I won’t go into all the plot points, there are just too many to cover. There are two dead women, an old childhood enemy of Cal’s with a serious grudge, unspoken feelings being held against Alice and the different sideline love stories going on. This story contains all the great emotions that Roberts is known for. Love, forgiveness, grief, hopefulness, redemption and happily ever afters. There are many emotional moments, but most of these moments focus on the Alice story, not so much the romance. Roberts draws all the characters so clearly, that you do feel deeply drawn into the story and into the feelings of the characters.
I only had a couple of issues with the story. One of which is the amount of information given in running a Resort/Dude Ranch. I honestly feel, after reading the book, that I could probably run out and start my own resort. She gave us A LOT of information….way, way too much. Don’t get me wrong, it was interesting info, but really only needed if you’re researching a business plan. I don’t really care about what kind of placemats and cakes they serve at a glamping event (glamorous camping). I didn’t want to know Bo’s daily schedule down to every 15 minutes of her day. This part did make the story drag in places. Everyone always going on, and on about how Bodine really was the big boss, how she was the one who made the final decisions, and that she was the only one who could solve all the problems. I would probably have picked up on this info after the first 7 or 8 people stated the fact.
The other issue is have is the dialogue that is used to portray western and/or ranch life. I seem to have issues with this, because I actually live on a ranch. I call it the “done dealing” syndrome.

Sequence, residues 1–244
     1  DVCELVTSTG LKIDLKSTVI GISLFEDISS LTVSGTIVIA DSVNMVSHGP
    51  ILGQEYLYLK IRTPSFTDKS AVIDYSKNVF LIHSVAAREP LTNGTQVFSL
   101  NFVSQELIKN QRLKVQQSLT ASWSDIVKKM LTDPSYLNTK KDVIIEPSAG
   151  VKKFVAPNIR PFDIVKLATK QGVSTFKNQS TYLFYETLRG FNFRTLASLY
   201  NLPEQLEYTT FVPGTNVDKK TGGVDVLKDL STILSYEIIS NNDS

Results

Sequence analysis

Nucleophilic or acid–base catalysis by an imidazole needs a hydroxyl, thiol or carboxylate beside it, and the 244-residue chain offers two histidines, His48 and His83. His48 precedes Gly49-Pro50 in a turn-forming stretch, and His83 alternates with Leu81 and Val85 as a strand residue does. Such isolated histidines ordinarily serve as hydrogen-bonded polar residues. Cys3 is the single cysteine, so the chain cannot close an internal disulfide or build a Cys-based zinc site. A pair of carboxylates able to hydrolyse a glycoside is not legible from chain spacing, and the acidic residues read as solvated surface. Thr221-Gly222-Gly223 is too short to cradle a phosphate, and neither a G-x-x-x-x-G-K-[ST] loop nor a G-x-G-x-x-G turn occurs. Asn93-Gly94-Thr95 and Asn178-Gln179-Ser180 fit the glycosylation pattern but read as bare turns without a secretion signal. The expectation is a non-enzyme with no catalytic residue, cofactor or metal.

“I’m done lighting out, done needing to.”
This is how Cal explains that he will be staying at the ranch. Just because someone lives on a ranch, it doesn’t mean that bad grammar, or cutesy old fashioned sayings are used. My grandparents may have used a few of these words and phrases…but, in real life, I can’t remember ever having heard them. That part of the dialogue just sounded stilted, as if it came out of a spaghetti western. There were a few ranch issues which struck a discordant note with me, like running a shod horse on a paved road and describing a horse as 17 hands. I have trouble seeing Cal gracefully slipping into the saddle of a 17 hands horse, that’s not happening unless Cal is around 7’ tall, does lots of yoga and is wearing jeans with a good amount of lycra.
The love story between Bodine and Cal moves at a very, very slow pace, and I mean glacial. And, who would have thought it, but I found this rather endearing after all the insta-love books I’ve read lately. Bo is a strong and tough woman and she definitely holds her own against Cal. They were very evenly matched, and she actually came across as more alpha than he did. The heat builds extremely slow between these two, and somehow it seems more real because of the time span. Robert’s writes some pretty snappy and funny dialogue between Bo and Cal, enough that a favorite quote from the book was hard to pick. There were some good conversations going on. Readers know, in a Nora Robert’s book, that the romance will be there. The suspense was a nice surprise, even though the bad guy was easily picked out about midway through the book.
I would recommend this book to anyone who enjoys a nice, long romantic suspense read. I usually factor into my review how easily I put the book down, and how anxiously I try to return to the story. This one was easily put down, but also easily picked back up. It’s worth the investment time for a book this long.